Essay by Ashraf Jamal

In Letters to a Young Poet, Rainer Maria Rilke provides a modicum of cheer to a depressed soul: “If your daily life seems poor, do not blame it; blame yourself, tell yourself that you are not poet enough to call forth its riches; for to the creator there is no poverty and no indifferent place.” These inspirational words can fittingly be applied to Barry Salzman’s project, The Other Side of Christmas.

Shot in 2014 while on a road trip across the Southern US, The Other Side of Christmas is a sobering reminder that there is no indifferent place. No matter how dispassionate or detached our everyday encounters might appear, it is within these fleeting moments that our existence assumes its deepest traction. We know ourselves best not through special or extraordinary circumstances, but in-and-through the indifferent bilge and bric-a-brac which is the binding sump of life.

A pit or hollow in which liquid collects, a sump is where drainage fails and the unbidden detritus of our lives amasses its implacable force. No matter how earnestly we try to smooth the surfaces of our crumpled lives and despatch what we imagine to be needless and excessive, we accrue far more than we purge. Superfluity defines our cluttered lives. In Salzman’s photographs it is not vacuity which assumes centre stage – the scene as vacant lot – but the tell-tale objects, randomly strewn, which break the tidy boundaries we set up. Order begets chaos. System is the hither side of a thither nothingness. As the French Philosopher, Gilles Deleuze, reminds, the system works because it does not work.

Weeds tear apart an empty sidewalk. Rainwater, flat as piss on a platter, skims a deserted alleyway just shy of an untended pot plant, while across the street an ox-blood red sign marking America’s governing fear reads – Abdallah’s. Two overfed grub-like boys stand at attention beside a blue port-a-pool, dwarfed by a bloated SUV sliced in half by the image’s right flank. The low rectangular facade of a clapboard building, null, void, insistently announces that it is open for business. An empty parking lot, sporting signs designated for invalids, overlooks an equally empty field, the flattened scene broken by a towering palm tree which splits the frame.

In three photographs the exhibition’s seasonal theme, Christmas, is haplessly commemorated through randomly placed garden décor and an unlit spangled star on a lone lamppost. Physical human presence is minimal and distantly recorded. It is the mise-en-scène of everyday life, the structures both man-made and natural which are uppermost in the photographer’s sight-line. And yet, despite the unerring sense of desolation which Salzman’s photographs evoke, a contrary impact is also generated – Rilke’s realisation that “there is … no indifferent place.”

Salzman is not interested in reprising the cliché of existential nausea one experiences in the face of nullity. Rather, his viewpoint and felt sense of the world asks us to cherish what we mistakenly imagine to be superfluous. In his photographs it is the elemental world which contains the urban sketch we create – a night-lit mall, makeshift home, car, chair, or bright yellow trolley on a green lawn – which we now find clarified and heightened by nature’s mute and sentient presence – a gloaming sky, groaning palm, forlorn weed, or the calligraphic flurry of a winter tree. Through this interplay of the man-made and natural we are reminded that ours is not only a world which we awkwardly inhabit, but a world which inhabits, enfolds, and exceeds us.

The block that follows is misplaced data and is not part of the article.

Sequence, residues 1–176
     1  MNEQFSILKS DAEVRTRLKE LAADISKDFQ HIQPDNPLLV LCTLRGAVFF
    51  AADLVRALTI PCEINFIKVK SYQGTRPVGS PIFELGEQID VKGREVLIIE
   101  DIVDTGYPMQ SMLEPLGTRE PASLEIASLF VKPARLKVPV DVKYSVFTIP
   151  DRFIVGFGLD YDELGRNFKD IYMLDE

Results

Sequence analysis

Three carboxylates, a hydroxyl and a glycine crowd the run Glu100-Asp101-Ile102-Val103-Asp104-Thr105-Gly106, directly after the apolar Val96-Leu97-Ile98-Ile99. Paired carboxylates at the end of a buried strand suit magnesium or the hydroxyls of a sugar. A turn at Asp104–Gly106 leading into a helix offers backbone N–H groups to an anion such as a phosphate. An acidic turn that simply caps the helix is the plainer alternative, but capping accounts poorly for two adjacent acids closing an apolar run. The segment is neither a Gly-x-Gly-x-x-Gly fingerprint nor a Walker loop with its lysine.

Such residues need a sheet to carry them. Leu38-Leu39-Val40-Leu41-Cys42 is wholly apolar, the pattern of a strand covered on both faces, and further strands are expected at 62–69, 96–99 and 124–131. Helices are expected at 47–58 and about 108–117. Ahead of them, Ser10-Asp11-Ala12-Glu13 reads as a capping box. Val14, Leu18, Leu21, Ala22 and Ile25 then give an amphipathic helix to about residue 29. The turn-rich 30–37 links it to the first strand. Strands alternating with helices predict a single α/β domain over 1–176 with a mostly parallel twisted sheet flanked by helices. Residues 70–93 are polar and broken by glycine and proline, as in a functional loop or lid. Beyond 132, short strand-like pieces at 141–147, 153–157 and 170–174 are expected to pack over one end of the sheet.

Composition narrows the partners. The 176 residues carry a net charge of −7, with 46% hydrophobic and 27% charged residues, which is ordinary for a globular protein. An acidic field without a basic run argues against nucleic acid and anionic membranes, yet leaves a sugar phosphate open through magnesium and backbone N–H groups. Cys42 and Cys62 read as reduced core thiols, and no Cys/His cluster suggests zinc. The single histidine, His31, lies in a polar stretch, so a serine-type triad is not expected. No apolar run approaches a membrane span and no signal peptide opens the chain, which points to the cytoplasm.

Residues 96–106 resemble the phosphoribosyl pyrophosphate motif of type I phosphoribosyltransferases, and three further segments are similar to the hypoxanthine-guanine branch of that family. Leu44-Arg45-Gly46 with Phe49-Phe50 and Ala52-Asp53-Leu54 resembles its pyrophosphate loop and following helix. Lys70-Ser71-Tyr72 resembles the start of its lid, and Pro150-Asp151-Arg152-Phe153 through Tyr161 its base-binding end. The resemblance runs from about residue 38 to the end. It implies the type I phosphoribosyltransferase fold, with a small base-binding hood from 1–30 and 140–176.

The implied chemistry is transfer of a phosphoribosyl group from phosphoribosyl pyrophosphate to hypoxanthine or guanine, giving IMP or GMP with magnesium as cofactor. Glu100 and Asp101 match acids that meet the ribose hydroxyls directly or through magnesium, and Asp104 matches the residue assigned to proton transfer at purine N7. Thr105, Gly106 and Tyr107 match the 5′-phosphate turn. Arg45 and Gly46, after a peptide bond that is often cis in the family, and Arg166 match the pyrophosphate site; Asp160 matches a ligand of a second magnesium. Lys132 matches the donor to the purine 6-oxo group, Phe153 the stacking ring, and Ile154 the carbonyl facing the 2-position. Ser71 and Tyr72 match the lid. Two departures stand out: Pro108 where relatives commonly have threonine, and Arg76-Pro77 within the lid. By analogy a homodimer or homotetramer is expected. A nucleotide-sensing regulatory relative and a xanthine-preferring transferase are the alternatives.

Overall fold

Humility is the true temperature and temperament of these photographs. They are the product of a man who both inhabits and refuses his dislocation. Having spent thirty years in America, Salzman remains someone who cannot wholly embrace a sense of belonging. The phrase, ‘naturalised American’ rings hollow to his ears, because, for him, the natural is not a rooted condition. Neither, however, is the photographer rootless. Rather, he finds himself compromised by any conscripting designation. If he allows himself the luxury of defining himself as a privileged, urban, ‘New York centric’ being, this description cannot, in truth, bind him. This is because selfhood – the manufactured sense of a self - cannot explain away the sump that seeps into a life, the realisation that we leak, fray, distend, and ceaselessly founder.

Salzman’s photographs, then, are the unresolved sum of an unresolved life. It is not Being that defines him, but Becoming. Which is why, after the cultural analyst Michael Foley, Salzman’s way of seeing is one in which ‘The crucial thing is to start paying attention now’. It is this presence of heart and mind, unmoved by dread or anxiety, which gives his photographs their currency. For these are not photographs which endorse an existential cliché the better to coolly sum up human folly, but records fragile and tender which ask that we still ourselves and allow for wakefulness.

Ashraf Jamal is a Research Associate in the Visual Identities in Art and Design Research Centre, University of Johannesburg and a leading commentator on contemporary art in South Africa. He is the author of In the World: Essays on Contemporary South African Art, published by Skira in 2017.